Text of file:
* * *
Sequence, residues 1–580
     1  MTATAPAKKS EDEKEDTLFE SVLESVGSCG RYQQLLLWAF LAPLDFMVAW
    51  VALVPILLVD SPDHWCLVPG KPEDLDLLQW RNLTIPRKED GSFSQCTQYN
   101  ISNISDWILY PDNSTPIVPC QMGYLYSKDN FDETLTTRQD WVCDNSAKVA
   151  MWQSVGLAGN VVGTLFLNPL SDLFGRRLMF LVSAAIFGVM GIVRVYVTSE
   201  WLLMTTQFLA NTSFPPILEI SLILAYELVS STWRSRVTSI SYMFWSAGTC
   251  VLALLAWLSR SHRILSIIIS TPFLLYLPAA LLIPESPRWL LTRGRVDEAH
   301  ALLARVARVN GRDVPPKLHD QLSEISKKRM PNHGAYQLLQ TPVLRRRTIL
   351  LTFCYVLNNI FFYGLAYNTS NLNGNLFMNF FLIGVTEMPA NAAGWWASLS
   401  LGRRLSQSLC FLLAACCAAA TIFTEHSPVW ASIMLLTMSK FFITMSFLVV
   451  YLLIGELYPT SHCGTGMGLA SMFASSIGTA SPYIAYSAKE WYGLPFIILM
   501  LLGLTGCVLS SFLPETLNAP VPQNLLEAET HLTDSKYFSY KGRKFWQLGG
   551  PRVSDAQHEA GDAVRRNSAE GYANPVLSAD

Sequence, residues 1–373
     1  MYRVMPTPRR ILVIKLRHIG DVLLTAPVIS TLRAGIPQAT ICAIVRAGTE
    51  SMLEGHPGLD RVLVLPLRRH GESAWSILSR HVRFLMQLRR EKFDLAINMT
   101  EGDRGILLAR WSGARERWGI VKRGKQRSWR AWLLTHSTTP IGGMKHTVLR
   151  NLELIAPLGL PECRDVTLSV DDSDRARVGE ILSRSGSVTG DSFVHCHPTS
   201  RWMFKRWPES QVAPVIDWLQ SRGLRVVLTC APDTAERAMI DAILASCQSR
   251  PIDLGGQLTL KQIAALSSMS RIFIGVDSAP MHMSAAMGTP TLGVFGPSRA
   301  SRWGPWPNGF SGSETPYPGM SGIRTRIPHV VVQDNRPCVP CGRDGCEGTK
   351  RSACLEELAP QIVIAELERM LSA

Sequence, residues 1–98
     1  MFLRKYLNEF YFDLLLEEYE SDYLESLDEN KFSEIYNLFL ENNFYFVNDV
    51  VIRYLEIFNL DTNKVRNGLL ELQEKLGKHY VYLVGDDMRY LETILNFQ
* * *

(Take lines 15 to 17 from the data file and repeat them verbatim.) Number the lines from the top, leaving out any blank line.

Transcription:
     1  MYRVMPTPRR ILVIKLRHIG DVLLTAPVIS TLRAGIPQAT ICAIVRAGTE
    51  SMLEGHPGLD RVLVLPLRRH GESAWSILSR HVRFLMQLRR EKFDLAINMT
   101  EGDRGILLAR WSGARERWGI VKRGKQRSWR AWLLTHSTTP IGGMKHTVLR